Sitting in the stands overlooking the place where he most frequently terrorizes opposing defences, Andrei Svechnikov is out of his element. He’s still mastering English and in conversation he restricts himself to short answers — no more than a couple of sentences — bursts of laboured expression that are nothing like the long, effortless strides that make him so dangerous when he’s on skates.
It’s just weeks before both the end of the OHL regular season and Svechnikov’s 18th birthday, and the Barrie Colts right-winger is about to wrap up a campaign that will see him win the league’s rookie of the year award on the strength of the 40 goals he scored in just 44 games. He may struggle to tell the story of how he got to this point — setting the scoresheet on fire in his draft year — but ask for the secret to his success and the answer comes easily: “I drive for the net every time with the puck. I can score from everywhere. I play a physical game. I play well in the defensive zone,” he says.
Yup, that about sums it up.
It’s Svechnikov’s all-around ability that’s made him the smart bet to go second overall in the 2018 NHL Draft behind Rasmus Dahlin. There was never any catching the Swedish defenceman for the No. 1 spot, but Svechnikov has separated himself from the rest of the pack. He finished the regular season on a 23-game point streak and has since garnered comparisons to figures as lofty as Alex Ovechkin and even Gordie Howe for his willingness to crash the net with the puck on his stick. And he has scouts enthralled by his superstar potential. Carolina Hurricanes GM Don Waddell has already gone on record saying he’s targeting the six-foot-three, 184-pound forward if his team keeps the No. 2 pick.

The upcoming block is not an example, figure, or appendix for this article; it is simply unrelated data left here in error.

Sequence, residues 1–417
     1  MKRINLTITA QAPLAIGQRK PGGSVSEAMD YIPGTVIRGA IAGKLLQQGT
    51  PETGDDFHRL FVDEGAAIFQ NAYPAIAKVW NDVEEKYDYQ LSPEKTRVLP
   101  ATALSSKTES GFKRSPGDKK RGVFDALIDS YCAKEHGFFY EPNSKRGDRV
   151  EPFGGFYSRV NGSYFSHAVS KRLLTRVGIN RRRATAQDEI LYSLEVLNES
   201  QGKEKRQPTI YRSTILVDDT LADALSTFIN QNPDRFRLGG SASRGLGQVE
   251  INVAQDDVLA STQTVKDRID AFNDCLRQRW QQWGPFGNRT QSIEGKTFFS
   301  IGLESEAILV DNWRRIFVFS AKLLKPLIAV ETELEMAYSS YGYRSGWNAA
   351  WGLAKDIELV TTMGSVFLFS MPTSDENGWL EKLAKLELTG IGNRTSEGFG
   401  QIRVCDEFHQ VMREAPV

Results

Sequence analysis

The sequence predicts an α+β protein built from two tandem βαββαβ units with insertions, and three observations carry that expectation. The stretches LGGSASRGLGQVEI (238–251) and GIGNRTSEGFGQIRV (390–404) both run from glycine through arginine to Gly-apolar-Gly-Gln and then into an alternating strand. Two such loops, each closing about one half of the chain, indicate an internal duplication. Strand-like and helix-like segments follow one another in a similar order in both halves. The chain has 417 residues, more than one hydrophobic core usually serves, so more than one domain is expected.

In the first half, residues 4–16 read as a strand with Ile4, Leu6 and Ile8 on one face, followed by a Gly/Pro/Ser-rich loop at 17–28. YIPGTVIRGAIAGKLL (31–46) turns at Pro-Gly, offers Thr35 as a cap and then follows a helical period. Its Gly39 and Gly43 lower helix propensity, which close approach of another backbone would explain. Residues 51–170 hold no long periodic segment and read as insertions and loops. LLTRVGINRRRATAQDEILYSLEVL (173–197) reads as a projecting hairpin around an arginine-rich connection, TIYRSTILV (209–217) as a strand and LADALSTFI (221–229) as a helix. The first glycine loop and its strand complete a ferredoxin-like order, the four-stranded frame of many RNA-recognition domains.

Safe to say, then, that Svechnikov has the hockey world at his fingertips. But getting to the point that he’s pegged as the next Russian star was, at times, as difficult as telling the story in his second language.
Svechnikov could have known a more comfortable life if not for a traumatic event that happened before he was born. His father, Igor, had been a pediatrician for more than two decades when, in May 1995, a deadly earthquake struck the town of Neftegorsk on Sakhalin Island in eastern Russia. The disaster killed roughly half of the oil town’s 4,000 citizens. According to Svechnikov’s older brother, Evgeny, their father was one of only two doctors in the region. The suffering he witnessed was too much for him to bear; he gave up medicine in the aftermath.
Igor and his wife, Elena, moved the family off the island after Evgeny was born. They settled in Barnaul, an industrial city north of China, between Kazakhstan and Mongolia, and Andrei came along in 2000. Igor got a job selling cakes, which required him to regularly travel as far as Siberia — more than 1,200 kilometres away. Elena worked two jobs, cleaning floors at night and manning the reception desk at the local rink during the daylight hours. “We didn’t have money,” Evgeny says. “We didn’t have much food. It was tough, but we got through it. It made the relationship with my family even better.”